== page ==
The Panasonic Lumix DMC-GH3 is the new successor to the Lumix DMC-GH2, a compact mirrorless stills camera which gained considerable following as a low cost large sensor HD video camera, not in the least because a) it shared the same mFT (micro Four Thirds) image sensor as used in the excellent AG-AF101 HD camcorder and b) it could be ‘firmware-hacked’ to shoot at very high frame rates (whilst simultaneously invalidating warranty and risking sensor meltdown!).
Whilst there’s no doubt that the AF101 offers more traditional video-centric ergonomics than the GH2 or even the GH3, the new GH3 sports a far newer and vastly improved 16.05-megapixel Live MOS image sensor that not only captures incredibly good still images but is capable of Full HD 1080p/50 (and 60) movie recording at 28Mb/s in AVCHD or 72Mb/s in .MOV (Quicktime) format onto low cost SDHC media cards – Yes, you read that correctly, the GH3 offers ‘Broadcaster-friendly’ recording at up to 72Mb/s onto SDHC cards! It’s worth noting that in common with all stills cameras that feature a movie mode, individual video clip length is restricted to 29m 59s. (It’s a duty avoidance thing!)When the AF101 was launched just over two years ago the mFT ‘format’ was little understood, however it has become increasingly popular of late, in part thanks to its adoption (and promotion) by Blackmagic Design in the latest version of their elusive Cinema Camera. There’s a wide range of lenses available with an mFT mount from manufacturers such as Panasonic, Olympus, Leica and Zeiss, so you can pop a Zeiss CP.2 Prime Lens or LWZ.2 Lightweight Zoom onto your GH3 for some serious movie making.
The GH3’s build quality is top-notch with a robust, high quality magnesium alloy chassis
Power it up and what immediately grabs your attention is the amazing 3inch OLED screen which is right up there with the best video cameras – It tilts, swivels and provides intuitive touchscreen control of all the camera’s setup menus as well as the ability to simply touch the image area you want the camera to focus on (Touch AF tracking). There’s focus assist, an exposure histogram and artificial horizon overlay, all available individually or simultaneously. The screen can even be flipped out to the left of the camera, making it perfect when using the GH3 on a shoulder-mount rig. Simply add a Zacuto Z-Finder and the GH3 begins to look and handle like a ‘proper’ video camera.
You can shoot video in a range of ‘point and shoot’ automatic modes, or there is full manual control with a separate rotary dial for both aperture and shutter speed handily located right by the main shutter release, although these dials ‘click’ loudly enough when turned to be picked up by the on-board microphone. This makes on-shot aperture adjustment something that’s best avoided unless you have the benefit of a lens with manual iris ring (eg. a Zeiss CP.2).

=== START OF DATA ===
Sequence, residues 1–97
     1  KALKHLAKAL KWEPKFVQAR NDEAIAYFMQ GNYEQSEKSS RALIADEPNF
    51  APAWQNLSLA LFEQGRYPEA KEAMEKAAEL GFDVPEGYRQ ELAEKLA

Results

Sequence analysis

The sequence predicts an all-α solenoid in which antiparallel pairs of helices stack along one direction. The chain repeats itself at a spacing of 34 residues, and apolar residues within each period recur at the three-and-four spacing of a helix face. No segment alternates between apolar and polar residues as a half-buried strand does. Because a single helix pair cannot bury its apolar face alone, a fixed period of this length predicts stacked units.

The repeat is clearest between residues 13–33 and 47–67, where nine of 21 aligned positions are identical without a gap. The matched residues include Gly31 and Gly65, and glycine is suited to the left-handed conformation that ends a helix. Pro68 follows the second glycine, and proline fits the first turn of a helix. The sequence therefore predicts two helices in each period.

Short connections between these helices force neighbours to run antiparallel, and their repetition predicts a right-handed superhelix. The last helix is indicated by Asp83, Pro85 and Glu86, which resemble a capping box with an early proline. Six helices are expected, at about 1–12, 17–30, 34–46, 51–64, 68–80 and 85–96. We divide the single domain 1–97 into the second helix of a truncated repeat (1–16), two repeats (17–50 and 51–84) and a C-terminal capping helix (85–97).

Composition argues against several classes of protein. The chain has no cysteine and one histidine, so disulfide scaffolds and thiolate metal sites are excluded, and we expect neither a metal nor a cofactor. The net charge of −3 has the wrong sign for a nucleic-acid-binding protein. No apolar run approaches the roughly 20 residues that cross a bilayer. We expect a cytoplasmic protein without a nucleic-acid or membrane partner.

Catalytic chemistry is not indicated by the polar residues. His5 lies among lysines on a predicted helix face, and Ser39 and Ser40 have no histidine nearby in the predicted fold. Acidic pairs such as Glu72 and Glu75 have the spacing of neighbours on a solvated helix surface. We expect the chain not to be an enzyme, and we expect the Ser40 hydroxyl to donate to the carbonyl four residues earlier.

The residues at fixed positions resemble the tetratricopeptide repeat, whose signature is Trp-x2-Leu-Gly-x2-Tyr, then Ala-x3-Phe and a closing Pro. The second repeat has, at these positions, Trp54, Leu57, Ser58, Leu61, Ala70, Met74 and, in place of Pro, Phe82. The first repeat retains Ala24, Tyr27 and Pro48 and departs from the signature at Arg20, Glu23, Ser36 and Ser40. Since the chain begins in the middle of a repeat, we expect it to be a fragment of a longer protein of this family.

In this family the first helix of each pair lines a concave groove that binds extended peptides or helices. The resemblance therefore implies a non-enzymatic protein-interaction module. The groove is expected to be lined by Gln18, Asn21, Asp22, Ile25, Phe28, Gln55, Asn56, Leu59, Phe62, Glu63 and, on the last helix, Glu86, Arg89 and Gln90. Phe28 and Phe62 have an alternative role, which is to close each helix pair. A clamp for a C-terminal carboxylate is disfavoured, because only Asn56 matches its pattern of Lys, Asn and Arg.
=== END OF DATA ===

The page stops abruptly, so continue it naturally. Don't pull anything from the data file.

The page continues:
In movie mode the ISO can be adjusted between 200 and 3200, with video noise becoming evident (but not horrific) at the higher settings over 1600. This all translates to very good low light performance. MOS and CMOS equipped cameras are almost always plagued by their inherent ‘rolling shutter’ which can cause fast moving images to appear skewed. Panasonic have clearly been working on minimising this effect because even on whip-pans there is very little skew. In fact there’s less skew than the £3,000 Canon EOS 5D MkIII…
In addition to this, the GH3’s movie images appear to be significantly more detailed, perhaps in no small part a result of the whopping 72Mb/s data rate! The trade-off for the extra video resolution is that when shooting fine vertical or horizontal details such as fence railings or venetian blinds there is slightly (and I mean only slightly) more visible moire patterning from the GH3 when compared to clips originating from the Canon 5D mark III. I’m guessing that anyone reasonably adept in shot grading could easily reduce this in post though.
Of course, movie making on a stills camera places far more demand on the battery and in recognition of this Panasonic have created an optional DMW-BGGH3 horizontal battery grip which houses a second battery pack and therefore doubles running time.
Another option is the DMW-MS2 Stereo Shotgun Microphone which mounts directly onto the GH3’s accessory shoe and plugs straight into the camera’s dedicated 4-pole 3.5mm socket. The DMW-MS2 is supplied with a hairy windshield which is very effective at eliminating wind noise.
The Panasonic Lumix DMC-GH3 arrives in November with a street price of around £1,200+VAT for the body only. For the money there’s quite simply nothing to touch it, so if you”re on a tight budget and want to dip your toes into the world of large sensor digital cinematography the GH3 is highly recommended.
For more information and more images (including frame grabs from the GH3) see the Iris magazine, 3rd issue of 2012. You can read back issues of the Iris magazine online at www.theirismag.com/irisonline.